The attack on Derryard checkpoint was a large guerrilla assault carried out on 13 December 1989 by a Provisional Irish Republican Army (IRA) unit against a British Army permanent vehicle checkpoint manned by soldiers of the King's Own Scottish Borderers (KOSB). It occurred near the Northern Ireland-Republic of Ireland border at Derryard (near Rosslea), County Fermanagh. The IRA team withdrew after the rapid reaction of a British Army patrol. A large van bomb left by the attackers also failed to detonate. The action left two British Army soldiers dead and one badly wounded.
According to journalist Ed Moloney, the IRA Army Council, suspecting a large degree of penetration by informers at the grassroots level of the organisation, decided to form an experimental flying column instead of the usual active service unit in order to mount a large scale operation against a permanent vehicle checkpoint along the border. The idea was to find an effective way to prevent any leak which could result in another fiasco like the Loughgall ambush in 1987.
Moloney maintains that the planning was in the charge of Thomas Murphy, alleged leader of the South Armagh Brigade, and was to be conducted by East Tyrone Brigade member Michael "Pete" Ryan. The column was made up of volunteers from throughout Northern Ireland. Journalist Ian Bruce, instead, claims that an Irishman who served on the Parachute Regiment was the leader of the IRA unit, citing intelligence sources. The unit would be composed of around 20 volunteers, but the action properly was to be the responsibility of 11 volunteers.
The assault would involve the use of two 12.7mm DShK machine guns, 11 AK-47s, different kinds of grenades, and a flamethrower. The bulk of the flying column would be driven to the checkpoint on a makeshift armoured truck. To assure widespread destruction, the column decided to detonate a van bomb after the initial surprise assault. The chosen target, a vehicle checkpoint at Derryard, near Rosslea, was manned by 8 soldiers of the 1st Battalion of the King's Own Scottish Borderers regiment and a member of the RUC.
After launching a number of grenades (either RPGs or home made devices), the IRA volunteers managed to break into the compound using the armour-plated lorry, supported by automatic fire and the flamethrower's stream of fire. In the process they killed two soldiers, Pte James Houston and L/Cpl Michael Patterson. Cpl Law was severely wounded by shrapnel and later airlifted for treatment. The defenders were forced to seek shelter in sangars, from where they fired into their own base. The IRA unit left inside the complex a van loaded with 400-lb (182 kg) of Semtex, which failed to explode. The attack was finally repulsed by a Borderers section from the checkpoint that was patrolling nearby, with the support of a Wessex helicopter. The patrol fired more than 100 rounds. The IRA column, at risk of being surrounded, then fled in the truck, possibly toward the border.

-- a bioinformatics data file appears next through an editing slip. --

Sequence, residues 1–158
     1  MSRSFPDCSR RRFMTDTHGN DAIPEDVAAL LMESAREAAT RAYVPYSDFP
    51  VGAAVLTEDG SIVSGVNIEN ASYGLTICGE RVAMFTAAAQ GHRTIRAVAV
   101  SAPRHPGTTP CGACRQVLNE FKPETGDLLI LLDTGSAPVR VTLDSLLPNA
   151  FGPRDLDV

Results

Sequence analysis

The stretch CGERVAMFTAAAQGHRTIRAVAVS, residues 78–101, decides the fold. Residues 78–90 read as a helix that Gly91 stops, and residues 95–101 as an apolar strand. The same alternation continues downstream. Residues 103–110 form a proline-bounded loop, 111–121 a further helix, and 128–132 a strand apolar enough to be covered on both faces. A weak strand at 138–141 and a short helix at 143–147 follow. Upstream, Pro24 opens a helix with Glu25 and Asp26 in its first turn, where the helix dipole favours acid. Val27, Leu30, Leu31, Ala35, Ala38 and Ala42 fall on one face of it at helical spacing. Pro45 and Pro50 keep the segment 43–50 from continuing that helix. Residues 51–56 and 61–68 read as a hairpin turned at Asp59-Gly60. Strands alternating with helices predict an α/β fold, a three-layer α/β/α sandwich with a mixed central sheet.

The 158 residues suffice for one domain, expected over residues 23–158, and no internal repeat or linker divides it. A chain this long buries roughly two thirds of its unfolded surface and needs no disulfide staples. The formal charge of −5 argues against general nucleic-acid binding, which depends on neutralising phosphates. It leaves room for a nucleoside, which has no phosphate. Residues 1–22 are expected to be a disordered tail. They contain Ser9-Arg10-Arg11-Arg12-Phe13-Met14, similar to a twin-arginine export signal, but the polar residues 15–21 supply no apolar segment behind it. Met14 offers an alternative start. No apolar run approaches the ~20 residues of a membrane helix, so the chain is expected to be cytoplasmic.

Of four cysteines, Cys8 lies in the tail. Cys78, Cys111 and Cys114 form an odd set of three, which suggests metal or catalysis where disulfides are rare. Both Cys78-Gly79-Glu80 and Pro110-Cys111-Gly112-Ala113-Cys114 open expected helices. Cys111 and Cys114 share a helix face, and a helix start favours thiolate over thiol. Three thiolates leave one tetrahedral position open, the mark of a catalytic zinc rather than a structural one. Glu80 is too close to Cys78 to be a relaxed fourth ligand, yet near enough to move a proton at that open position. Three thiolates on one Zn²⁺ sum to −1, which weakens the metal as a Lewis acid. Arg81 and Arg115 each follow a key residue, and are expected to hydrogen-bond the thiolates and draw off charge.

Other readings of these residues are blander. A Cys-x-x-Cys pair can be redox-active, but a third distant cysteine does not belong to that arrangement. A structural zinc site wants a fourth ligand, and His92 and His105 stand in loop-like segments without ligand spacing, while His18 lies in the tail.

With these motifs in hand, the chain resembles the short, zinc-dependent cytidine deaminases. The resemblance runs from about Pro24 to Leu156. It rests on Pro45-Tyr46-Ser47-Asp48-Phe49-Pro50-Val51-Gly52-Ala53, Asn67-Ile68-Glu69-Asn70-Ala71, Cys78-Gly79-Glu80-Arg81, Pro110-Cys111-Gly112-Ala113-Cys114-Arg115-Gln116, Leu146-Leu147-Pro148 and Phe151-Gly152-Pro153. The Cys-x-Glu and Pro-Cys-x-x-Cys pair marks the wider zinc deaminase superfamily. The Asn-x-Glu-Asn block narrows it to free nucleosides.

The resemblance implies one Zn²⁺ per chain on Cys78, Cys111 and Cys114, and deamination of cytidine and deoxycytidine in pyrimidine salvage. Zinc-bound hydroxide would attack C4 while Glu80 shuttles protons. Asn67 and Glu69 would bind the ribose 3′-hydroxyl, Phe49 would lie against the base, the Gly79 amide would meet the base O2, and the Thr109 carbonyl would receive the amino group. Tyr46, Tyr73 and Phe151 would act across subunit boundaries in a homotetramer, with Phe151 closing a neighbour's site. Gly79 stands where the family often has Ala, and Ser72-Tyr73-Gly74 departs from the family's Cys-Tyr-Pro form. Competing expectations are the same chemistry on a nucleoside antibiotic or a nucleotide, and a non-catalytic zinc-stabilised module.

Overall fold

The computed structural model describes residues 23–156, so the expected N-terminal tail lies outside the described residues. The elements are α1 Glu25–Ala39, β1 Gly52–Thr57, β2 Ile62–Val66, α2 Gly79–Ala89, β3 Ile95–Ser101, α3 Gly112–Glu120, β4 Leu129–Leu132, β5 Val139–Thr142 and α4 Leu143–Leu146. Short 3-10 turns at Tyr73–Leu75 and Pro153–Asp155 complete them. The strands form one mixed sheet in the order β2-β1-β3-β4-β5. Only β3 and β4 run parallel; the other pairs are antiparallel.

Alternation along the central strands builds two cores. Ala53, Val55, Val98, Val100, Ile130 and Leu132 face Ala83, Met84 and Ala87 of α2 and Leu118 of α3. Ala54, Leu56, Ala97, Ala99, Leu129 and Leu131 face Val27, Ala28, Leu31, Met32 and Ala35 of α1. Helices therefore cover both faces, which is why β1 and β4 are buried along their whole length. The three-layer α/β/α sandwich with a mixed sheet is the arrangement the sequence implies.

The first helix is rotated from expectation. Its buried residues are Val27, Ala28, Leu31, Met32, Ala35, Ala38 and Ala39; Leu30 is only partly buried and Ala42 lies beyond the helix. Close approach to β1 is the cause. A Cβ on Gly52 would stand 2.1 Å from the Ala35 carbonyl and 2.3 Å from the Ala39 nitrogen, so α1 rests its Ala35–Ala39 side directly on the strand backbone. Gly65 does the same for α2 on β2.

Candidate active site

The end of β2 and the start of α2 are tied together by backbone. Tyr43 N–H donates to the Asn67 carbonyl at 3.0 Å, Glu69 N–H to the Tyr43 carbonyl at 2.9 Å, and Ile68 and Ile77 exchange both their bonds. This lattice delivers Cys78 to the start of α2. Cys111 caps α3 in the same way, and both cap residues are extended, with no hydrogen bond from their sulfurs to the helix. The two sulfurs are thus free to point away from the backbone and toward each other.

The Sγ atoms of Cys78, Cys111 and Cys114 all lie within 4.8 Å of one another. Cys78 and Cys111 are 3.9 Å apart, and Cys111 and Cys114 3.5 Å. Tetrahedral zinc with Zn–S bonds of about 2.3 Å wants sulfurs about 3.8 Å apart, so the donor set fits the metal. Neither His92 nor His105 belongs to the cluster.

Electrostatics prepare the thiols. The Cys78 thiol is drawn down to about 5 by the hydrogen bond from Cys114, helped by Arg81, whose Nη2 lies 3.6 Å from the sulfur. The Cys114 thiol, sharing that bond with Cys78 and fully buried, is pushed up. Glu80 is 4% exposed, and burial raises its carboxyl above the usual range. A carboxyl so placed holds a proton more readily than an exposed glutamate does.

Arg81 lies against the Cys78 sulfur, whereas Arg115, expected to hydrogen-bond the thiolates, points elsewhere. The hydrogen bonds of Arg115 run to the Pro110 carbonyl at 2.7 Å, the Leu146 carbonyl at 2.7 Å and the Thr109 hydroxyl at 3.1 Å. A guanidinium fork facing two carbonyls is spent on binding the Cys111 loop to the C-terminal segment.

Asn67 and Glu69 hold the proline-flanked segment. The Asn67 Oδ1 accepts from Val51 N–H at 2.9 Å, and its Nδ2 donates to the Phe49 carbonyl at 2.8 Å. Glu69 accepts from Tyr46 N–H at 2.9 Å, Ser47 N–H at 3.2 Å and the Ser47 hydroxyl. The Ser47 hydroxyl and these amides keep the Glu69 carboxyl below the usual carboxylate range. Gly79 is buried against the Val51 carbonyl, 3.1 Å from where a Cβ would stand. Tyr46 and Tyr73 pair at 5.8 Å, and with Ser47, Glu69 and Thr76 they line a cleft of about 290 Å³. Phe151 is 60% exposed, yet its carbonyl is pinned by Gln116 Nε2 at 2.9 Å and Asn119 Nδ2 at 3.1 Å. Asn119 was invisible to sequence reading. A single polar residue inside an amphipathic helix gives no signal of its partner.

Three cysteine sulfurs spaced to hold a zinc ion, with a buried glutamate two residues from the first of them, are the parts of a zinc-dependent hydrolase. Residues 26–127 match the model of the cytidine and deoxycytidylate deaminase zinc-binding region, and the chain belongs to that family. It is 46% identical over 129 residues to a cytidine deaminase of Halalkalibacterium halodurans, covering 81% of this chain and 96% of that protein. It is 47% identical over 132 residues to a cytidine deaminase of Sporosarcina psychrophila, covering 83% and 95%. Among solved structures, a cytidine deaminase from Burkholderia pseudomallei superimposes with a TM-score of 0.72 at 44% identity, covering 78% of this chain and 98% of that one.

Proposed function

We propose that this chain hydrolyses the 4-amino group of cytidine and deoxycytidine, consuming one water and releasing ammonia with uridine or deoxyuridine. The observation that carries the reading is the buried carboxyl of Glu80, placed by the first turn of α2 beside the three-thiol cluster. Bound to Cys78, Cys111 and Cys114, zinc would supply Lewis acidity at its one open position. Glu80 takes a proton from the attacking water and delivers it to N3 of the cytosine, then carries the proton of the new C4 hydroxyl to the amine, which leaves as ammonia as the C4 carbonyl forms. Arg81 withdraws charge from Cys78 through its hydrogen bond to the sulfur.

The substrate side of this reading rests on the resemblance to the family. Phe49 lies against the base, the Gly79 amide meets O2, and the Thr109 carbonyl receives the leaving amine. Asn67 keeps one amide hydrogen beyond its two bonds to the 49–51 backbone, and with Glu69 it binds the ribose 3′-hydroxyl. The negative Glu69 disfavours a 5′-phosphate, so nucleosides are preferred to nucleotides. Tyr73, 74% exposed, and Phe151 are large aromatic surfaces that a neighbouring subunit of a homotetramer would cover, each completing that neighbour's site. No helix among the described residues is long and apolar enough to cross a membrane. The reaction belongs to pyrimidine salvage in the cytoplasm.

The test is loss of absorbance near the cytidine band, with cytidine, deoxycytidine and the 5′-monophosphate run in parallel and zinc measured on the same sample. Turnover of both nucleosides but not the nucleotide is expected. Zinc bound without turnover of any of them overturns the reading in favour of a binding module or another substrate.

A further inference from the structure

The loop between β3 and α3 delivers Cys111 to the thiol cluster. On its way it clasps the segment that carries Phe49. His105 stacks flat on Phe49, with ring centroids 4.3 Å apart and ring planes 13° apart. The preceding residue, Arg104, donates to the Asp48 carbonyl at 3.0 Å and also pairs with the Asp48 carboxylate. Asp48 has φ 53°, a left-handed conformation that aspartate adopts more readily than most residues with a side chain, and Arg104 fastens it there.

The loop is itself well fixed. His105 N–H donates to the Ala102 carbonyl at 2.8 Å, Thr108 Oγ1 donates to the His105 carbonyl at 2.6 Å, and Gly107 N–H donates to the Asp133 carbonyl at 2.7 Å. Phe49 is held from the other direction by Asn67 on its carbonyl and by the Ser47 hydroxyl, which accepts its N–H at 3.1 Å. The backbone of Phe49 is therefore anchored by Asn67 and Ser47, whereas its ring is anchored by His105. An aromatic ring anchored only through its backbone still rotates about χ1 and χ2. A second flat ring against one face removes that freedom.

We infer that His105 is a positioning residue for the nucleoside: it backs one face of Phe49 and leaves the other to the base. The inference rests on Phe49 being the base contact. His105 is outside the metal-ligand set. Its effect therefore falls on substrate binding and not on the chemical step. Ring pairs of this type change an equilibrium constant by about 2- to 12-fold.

There was outrage in Parliamentary and Unionist circles. A supposedly well-defended army border post had been overrun by the IRA and two soldiers killed. On the other hand, there was also some disappointment among Republicans. Indeed, despite the positive propaganda effect, the quick and strong reaction from the British Army troops convinced some top level members that the Army council was infiltrated by a mole.
A senior British Military officer, when quizzed about the IRA attack said:
They are murdering bastards, but they are not cowards. This team actually pressed home a ground attack right into the heart of the compound. That takes guts when there are people firing back.
KOSB officers and security sources correctly concluded that the IRA unit involved was not locally recruited, putting the blame instead on IRA members from Clogher, County Tyrone and South Monaghan, in the Republic.
Two British soldiers, Corporal Robert Duncan and Lance Corporal Ian Harvey both received the Distinguished Conduct Medal (DCM), whilst L/Corporal Patterson received a posthumous Mention In Dispatches for his actions during the attack. The checkpoint was eventually dismantled in 1991.